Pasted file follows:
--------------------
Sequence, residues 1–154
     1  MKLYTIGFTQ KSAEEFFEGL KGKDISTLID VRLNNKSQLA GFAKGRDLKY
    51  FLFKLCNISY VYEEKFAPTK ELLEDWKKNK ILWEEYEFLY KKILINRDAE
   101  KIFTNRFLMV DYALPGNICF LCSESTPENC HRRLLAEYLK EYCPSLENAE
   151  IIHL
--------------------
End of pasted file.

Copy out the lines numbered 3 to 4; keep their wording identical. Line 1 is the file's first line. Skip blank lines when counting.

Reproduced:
    51  FLFKLCNISY VYEEKFAPTK ELLEDWKKNK ILWEEYEFLY KKILINRDAE
   101  KIFTNRFLMV DYALPGNICF LCSESTPENC HRRLLAEYLK EYCPSLENAE